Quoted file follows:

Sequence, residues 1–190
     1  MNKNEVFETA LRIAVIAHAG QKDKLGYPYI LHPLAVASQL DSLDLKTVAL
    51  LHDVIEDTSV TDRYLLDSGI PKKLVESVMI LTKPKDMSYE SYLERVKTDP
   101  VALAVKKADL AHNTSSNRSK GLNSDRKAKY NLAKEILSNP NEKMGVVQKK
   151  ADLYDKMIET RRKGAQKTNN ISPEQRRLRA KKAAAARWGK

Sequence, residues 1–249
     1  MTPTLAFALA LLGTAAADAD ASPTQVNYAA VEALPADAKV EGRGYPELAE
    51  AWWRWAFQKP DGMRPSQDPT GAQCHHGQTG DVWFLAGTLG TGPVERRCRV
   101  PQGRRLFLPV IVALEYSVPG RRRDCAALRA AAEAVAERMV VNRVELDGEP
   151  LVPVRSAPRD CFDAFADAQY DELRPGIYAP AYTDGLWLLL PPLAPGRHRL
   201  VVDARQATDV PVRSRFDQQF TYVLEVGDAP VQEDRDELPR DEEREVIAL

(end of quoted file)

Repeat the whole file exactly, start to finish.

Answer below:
Sequence, residues 1–190
     1  MNKNEVFETA LRIAVIAHAG QKDKLGYPYI LHPLAVASQL DSLDLKTVAL
    51  LHDVIEDTSV TDRYLLDSGI PKKLVESVMI LTKPKDMSYE SYLERVKTDP
   101  VALAVKKADL AHNTSSNRSK GLNSDRKAKY NLAKEILSNP NEKMGVVQKK
   151  ADLYDKMIET RRKGAQKTNN ISPEQRRLRA KKAAAARWGK

Sequence, residues 1–249
     1  MTPTLAFALA LLGTAAADAD ASPTQVNYAA VEALPADAKV EGRGYPELAE
    51  AWWRWAFQKP DGMRPSQDPT GAQCHHGQTG DVWFLAGTLG TGPVERRCRV
   101  PQGRRLFLPV IVALEYSVPG RRRDCAALRA AAEAVAERMV VNRVELDGEP
   151  LVPVRSAPRD CFDAFADAQY DELRPGIYAP AYTDGLWLLL PPLAPGRHRL
   201  VVDARQATDV PVRSRFDQQF TYVLEVGDAP VQEDRDELPR DEEREVIAL